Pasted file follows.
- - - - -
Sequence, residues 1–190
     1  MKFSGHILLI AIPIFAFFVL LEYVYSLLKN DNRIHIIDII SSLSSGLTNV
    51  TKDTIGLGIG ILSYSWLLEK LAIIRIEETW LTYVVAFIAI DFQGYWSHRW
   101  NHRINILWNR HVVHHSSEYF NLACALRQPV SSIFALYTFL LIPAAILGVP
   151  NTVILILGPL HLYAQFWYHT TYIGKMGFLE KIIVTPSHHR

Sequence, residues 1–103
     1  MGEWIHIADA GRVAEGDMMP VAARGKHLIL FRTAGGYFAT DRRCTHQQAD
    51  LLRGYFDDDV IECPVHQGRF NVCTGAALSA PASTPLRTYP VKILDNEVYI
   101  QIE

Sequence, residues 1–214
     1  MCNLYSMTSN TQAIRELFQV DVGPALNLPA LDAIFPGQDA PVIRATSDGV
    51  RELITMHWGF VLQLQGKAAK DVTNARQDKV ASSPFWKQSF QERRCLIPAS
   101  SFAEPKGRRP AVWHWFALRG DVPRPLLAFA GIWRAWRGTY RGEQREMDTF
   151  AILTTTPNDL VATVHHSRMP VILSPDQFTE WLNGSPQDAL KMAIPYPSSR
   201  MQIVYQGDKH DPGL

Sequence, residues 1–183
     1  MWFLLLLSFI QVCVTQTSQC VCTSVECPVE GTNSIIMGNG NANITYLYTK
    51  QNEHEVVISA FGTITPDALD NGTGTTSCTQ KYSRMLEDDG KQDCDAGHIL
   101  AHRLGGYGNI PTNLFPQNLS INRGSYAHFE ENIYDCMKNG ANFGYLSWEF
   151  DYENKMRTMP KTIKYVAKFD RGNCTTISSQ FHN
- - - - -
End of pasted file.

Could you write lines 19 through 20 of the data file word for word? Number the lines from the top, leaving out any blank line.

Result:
   101  AHRLGGYGNI PTNLFPQNLS INRGSYAHFE ENIYDCMKNG ANFGYLSWEF
   151  DYENKMRTMP KTIKYVAKFD RGNCTTISSQ FHN